The breathtaking mobile ad revenue growth recently reported by Facebook and Google’s parent company Alphabet come with a very disturbing flip side. Many organizations are fueling this growth with ad spend to just get a secondary and tertiary relationship with their customers because they haven’t succeeded in engaging their customers’ attention on mobile. Few, if any, enterprises have won a first-degree relationship with an app on their customers’ mobile device screens.
The mobile-driven cloud-platform model that companies such as Amazon, Airbnb, and Uber have used to transform entire business segments has eluded most enterprises. The winners call it digital transformation, and the losers call it digital disruption. The impact of digital disruption on industries such as publishing, retailing, telecommunications, travel and hospitality, and transportation in the past decade predict a point of no return for enterprises unable to transform. Those that successfully transform will operate their businesses on mobile-driven clouds on top of commodity hardware, built with open source software, that will be indistinguishable from Alphabet and Facebook.
Github’s head of product management Kakul Srivastava spoke to me about how some enterprises are innovating with Github and open innovation models, and are beginning to transform their businesses. Digital transformation begins with the recognition that the enterprise is a software company, no matter what industry segment it occupies. Enterprises turn to open source software to rapidly scale the proprietary IT department’s limits on transformation. Github’s natural monopoly as the repository of open source software projects positions it at the heart of this transformation. It is a unique and early reference point for observing change within enterprises.
Both startups and behemoths like Walmart need the collaboration provided by Github’s source code repository and, according to Srivastava, they also look to Github for help with their open source strategies. She explained that building end-to-end core software competency with an open innovation model happens in stages.
Jim O'Neill, Chief People Officer at inbound marketing platform as a service (PaaS) company Hubspot, confirmed the central role that Github plays in tech companies’ human resources. He says that his team learns much more from a candidate’s Github account than from his or her LinkedIn profile. He developed this innovator’s perspective prior to leading HR, when, as Hubspot’s CIO, he was building out its PaaS using open source software and commodity infrastructure that is very similar to that employed by Alphabet and Facebook.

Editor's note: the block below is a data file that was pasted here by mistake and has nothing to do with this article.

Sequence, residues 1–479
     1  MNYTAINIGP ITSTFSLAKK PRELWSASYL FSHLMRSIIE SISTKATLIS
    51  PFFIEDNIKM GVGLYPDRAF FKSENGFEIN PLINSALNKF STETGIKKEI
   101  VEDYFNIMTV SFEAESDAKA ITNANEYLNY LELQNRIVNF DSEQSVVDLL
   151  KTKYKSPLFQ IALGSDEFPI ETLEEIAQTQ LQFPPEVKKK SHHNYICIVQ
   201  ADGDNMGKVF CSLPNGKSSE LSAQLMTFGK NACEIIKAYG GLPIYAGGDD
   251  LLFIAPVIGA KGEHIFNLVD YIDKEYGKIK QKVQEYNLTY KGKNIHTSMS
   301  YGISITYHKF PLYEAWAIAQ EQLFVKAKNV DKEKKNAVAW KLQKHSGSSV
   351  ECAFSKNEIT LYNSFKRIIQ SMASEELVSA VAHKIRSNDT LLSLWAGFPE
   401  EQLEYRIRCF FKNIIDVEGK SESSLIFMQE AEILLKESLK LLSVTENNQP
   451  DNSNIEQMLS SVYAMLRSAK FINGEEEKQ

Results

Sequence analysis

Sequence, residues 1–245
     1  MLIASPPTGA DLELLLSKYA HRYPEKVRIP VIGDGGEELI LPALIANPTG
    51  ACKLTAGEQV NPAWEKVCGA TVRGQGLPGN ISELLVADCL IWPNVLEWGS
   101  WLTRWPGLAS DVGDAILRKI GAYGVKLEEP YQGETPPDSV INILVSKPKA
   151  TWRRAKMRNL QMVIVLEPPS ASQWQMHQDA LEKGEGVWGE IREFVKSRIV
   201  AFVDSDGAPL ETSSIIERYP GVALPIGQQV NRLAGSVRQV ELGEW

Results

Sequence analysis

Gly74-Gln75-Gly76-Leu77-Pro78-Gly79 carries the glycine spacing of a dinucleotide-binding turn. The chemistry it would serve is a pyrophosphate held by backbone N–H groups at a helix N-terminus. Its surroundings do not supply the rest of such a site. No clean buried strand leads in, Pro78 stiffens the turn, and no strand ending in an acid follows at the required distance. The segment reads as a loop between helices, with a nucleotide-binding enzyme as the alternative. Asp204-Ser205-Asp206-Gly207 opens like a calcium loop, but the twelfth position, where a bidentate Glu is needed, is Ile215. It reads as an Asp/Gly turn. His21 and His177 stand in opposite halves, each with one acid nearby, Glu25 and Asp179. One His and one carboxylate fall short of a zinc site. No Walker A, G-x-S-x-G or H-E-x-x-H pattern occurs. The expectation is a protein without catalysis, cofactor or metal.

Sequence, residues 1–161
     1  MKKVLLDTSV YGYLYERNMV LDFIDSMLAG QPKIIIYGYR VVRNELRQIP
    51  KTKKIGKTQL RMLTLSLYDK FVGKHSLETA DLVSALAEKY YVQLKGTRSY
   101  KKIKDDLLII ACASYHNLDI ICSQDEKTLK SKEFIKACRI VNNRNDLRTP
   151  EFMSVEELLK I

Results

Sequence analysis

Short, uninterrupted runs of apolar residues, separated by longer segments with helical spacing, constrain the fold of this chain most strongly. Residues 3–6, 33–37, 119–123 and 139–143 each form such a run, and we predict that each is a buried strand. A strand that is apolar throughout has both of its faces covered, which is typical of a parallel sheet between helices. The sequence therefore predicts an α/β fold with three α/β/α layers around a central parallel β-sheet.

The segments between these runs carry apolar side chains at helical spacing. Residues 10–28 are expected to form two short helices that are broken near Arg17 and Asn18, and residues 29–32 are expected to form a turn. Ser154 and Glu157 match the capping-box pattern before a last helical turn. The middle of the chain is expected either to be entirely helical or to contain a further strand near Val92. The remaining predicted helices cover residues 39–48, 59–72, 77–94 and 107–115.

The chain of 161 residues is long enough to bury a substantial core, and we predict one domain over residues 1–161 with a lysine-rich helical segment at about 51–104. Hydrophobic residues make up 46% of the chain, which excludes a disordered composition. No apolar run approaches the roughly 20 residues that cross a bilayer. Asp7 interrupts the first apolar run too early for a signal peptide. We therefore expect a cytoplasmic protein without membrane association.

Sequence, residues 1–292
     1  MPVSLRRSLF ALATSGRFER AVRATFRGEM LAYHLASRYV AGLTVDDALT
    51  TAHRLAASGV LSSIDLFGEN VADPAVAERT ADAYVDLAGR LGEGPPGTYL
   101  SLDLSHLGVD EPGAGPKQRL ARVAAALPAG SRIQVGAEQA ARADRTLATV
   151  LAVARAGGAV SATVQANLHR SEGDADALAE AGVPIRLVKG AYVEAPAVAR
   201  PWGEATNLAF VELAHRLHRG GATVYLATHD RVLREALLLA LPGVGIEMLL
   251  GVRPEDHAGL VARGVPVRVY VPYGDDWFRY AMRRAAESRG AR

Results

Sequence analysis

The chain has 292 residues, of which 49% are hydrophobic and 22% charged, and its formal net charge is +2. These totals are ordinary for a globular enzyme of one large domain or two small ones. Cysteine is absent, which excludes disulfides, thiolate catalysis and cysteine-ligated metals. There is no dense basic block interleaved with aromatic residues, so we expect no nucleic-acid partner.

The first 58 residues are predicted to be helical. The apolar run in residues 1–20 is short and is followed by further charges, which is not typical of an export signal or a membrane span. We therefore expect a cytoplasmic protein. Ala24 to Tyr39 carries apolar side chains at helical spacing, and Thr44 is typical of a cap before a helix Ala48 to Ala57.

As a former CIO taking the HR helm to attract and retain the best digital talent, O’Neill confirms Srivastava’s observations about the maturation of Github’s enterprise customers. Transformation hinges on attracting the best talent with new software development skills.
Enterprises committed to their own transformation can’t lurk about as an observer of the open source community; they have to rise and become community leaders or the most talented developers won’t join them as employees or contribute to the open source projects that are vital to the organization’s future. At this point, Srivastava said that enterprises start to think about building a community specifically designed to achieve its goals.
Github’s collaboration affects the enterprise from inside and out. Talented developers are life-long learners. They invest their personal time to learn to program with new languages and to learn new frameworks and methods. Their personal projects drew them to Github years ago.
Enterprises embracing open innovation need a platform that is both an exclusive repository for proprietary development and inclusive of the open source community. The forces of the developers’ personal Github choice combines with the need for a collaborative enterprise repository that is inclusive of open source communities to influence enterprises to adopt Github.
The walls around the bastions of proprietary software Apple and Microsoft have crumbled from the compelling strategic reasons for open innovation. Keepers pointed out that Apple open sourced its Swift programming language to achieve the dual goals of better understanding what Apple’s independent developers need to build innovative apps and to forge closer ties with them. And Microsoft can’t keep its customers and move them to its Azure cloud without independently developed open source software and open sourcing its own technology, such as .Net and Visual Studio.
Srivastava spoke about Walmart, an enterprise customer that has open sourced OneOps, a cloud management tool it uses internally to run the infrastructure for e-commerce sites so that companies can more easily build cloud apps independent of Amazon’s proprietary cloud. Another enterprise reference point is John Deere’s innovation lab in Germany that both Srivastava mentioned as one Github’s most innovative customers and Dr. Frank Fitzek of the 5G lab at the Technical University in Dresden cited as building industry-leading technology for autonomous farm equipment. Srivastava also referred to similar but confidential developments in the financial industry.
It’s early in the enterprise struggle between digital transformation and digital disruption. The enterprises that will succeed at transformation and those that will fall victim to disruption will become clear from their participation in Github and open source/open innovation communities.
This story, "How enterprises use Github may predict whether they disrupt or are disrupted" was originally published by Network World.